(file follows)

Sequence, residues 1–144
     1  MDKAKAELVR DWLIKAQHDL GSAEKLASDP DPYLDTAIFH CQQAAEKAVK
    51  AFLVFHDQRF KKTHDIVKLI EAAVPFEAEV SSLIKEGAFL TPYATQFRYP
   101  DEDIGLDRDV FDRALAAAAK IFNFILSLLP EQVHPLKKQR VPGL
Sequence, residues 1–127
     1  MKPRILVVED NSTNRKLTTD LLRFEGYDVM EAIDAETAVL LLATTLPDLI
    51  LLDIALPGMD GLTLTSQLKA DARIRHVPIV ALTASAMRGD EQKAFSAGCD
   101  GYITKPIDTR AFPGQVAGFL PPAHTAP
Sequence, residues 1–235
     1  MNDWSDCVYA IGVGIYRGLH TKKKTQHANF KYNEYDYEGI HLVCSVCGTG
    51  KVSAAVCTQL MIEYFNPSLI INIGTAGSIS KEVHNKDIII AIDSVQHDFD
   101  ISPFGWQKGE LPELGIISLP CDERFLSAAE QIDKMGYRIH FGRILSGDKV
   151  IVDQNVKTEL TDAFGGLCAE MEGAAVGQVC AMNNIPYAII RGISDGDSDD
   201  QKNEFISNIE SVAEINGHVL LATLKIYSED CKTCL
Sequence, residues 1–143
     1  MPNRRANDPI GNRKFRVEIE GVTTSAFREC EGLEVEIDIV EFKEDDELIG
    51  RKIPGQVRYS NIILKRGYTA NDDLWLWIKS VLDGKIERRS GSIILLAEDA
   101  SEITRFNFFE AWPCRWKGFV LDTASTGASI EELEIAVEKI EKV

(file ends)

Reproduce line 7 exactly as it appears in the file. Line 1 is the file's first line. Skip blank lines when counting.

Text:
    51  LLDIALPGMD GLTLTSQLKA DARIRHVPIV ALTASAMRGD EQKAFSAGCD